The Election Campaign: Marketing Politics
In the first days of the American republic, presidential politics was remarkably pure and simple: George Washington was the obvious and unanimous choice for the presidency of a grateful republic. In 1789 the new nation did not have a national anthem; however, the people improvised one to the tune of God Save the King: "God Save Great Washington."
Then, in the course of his two administrations, grumblings and suspicions arose, and even he was seen as pro-British, anti-French, and yearning for an American throne. So the first U.S. president, and the only one ever elected unanimously, also became the first victim of the envy-ridden lies, half-truths, and accusations that would traduce each of his successors.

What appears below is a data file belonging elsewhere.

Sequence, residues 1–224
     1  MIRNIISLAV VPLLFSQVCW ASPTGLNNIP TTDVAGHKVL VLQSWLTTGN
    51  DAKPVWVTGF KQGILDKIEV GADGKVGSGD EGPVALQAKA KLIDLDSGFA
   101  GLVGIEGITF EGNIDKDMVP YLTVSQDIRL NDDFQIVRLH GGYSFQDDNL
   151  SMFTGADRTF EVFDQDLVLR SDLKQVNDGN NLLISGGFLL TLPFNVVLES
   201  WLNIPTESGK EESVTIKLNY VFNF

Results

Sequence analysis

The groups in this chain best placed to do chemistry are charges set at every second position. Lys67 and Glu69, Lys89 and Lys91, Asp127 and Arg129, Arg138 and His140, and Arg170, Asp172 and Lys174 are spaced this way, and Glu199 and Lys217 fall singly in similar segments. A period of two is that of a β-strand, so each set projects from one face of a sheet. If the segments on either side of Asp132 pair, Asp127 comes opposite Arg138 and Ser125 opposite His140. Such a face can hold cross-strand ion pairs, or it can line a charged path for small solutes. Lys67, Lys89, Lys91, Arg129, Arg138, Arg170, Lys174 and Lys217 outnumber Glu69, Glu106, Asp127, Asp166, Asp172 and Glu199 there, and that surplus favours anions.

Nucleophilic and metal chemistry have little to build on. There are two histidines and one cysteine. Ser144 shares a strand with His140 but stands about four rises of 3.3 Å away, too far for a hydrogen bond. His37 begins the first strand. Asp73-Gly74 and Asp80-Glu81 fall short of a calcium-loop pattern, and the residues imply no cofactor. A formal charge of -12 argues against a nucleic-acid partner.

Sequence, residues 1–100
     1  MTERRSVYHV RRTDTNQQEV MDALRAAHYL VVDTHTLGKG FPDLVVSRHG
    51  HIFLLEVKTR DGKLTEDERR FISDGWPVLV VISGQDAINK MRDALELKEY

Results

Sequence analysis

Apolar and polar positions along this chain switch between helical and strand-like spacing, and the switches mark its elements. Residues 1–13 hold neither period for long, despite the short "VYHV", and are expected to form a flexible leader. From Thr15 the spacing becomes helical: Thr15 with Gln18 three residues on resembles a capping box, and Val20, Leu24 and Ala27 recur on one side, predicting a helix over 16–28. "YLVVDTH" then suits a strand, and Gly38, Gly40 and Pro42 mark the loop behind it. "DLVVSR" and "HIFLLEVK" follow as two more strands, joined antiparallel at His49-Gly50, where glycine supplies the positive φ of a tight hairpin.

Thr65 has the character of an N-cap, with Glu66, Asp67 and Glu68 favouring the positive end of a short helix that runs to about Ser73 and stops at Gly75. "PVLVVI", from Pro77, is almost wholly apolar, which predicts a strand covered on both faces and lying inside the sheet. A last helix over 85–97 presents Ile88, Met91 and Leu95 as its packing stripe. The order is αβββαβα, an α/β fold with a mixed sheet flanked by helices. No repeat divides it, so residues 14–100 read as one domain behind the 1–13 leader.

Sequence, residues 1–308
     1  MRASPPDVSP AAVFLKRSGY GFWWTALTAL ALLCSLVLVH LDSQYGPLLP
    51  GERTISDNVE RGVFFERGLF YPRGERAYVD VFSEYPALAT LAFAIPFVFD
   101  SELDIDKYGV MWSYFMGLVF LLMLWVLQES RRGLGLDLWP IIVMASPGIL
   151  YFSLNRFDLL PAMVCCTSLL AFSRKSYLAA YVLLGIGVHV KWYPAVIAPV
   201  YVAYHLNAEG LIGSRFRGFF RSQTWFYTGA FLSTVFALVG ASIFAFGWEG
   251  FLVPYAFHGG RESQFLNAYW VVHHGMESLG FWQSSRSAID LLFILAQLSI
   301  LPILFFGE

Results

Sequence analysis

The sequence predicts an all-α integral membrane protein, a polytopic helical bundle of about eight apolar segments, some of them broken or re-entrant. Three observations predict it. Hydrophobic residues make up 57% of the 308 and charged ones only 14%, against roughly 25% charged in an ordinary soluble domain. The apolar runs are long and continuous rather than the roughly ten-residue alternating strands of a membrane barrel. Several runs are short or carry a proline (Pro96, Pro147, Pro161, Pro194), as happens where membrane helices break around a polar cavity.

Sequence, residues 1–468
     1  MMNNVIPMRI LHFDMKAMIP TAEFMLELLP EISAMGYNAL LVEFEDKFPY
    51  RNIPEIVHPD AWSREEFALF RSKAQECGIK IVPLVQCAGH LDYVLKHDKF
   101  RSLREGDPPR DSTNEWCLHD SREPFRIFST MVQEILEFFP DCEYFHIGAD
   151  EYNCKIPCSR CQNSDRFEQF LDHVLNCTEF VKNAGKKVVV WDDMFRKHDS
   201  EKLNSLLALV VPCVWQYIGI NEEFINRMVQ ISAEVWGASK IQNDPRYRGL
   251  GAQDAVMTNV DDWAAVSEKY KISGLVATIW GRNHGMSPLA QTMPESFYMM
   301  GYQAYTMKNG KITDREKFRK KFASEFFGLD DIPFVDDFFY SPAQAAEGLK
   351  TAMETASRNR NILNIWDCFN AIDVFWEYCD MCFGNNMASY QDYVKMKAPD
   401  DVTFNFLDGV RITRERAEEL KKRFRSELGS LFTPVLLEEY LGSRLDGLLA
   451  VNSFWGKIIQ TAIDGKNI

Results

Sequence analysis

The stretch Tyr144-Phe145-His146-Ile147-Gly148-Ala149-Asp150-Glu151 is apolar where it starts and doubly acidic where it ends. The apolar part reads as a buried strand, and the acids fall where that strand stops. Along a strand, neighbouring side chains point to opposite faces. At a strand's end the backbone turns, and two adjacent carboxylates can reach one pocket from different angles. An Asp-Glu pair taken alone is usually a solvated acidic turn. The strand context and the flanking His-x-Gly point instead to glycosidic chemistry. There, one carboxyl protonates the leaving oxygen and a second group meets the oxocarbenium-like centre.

Despite his later detractors, Washington had needed no advocates to plead his case in the thirteen states. But the instant he decided not to accept a third term, he precipitated his eight-year-old republic into the world's first open election campaign for the chief magistracy of a country that might one day span a continent.
Two slates sought to succeed Washington in 1796. Vice President John Adams and the South Carolina Federalist Thomas Pinckney were pitted against the Democratic Republicans Thomas Jefferson and Aaron Burr. The country was sharply divided, and each slate had hosts of friends and enemies. The candidates were almost entirely silent, but their partisans were busy. Each side had its spokesmen and detractors.
In other words, both positive and negative campaigning were intrinsic elements of the first bona fide American presidential election campaign. In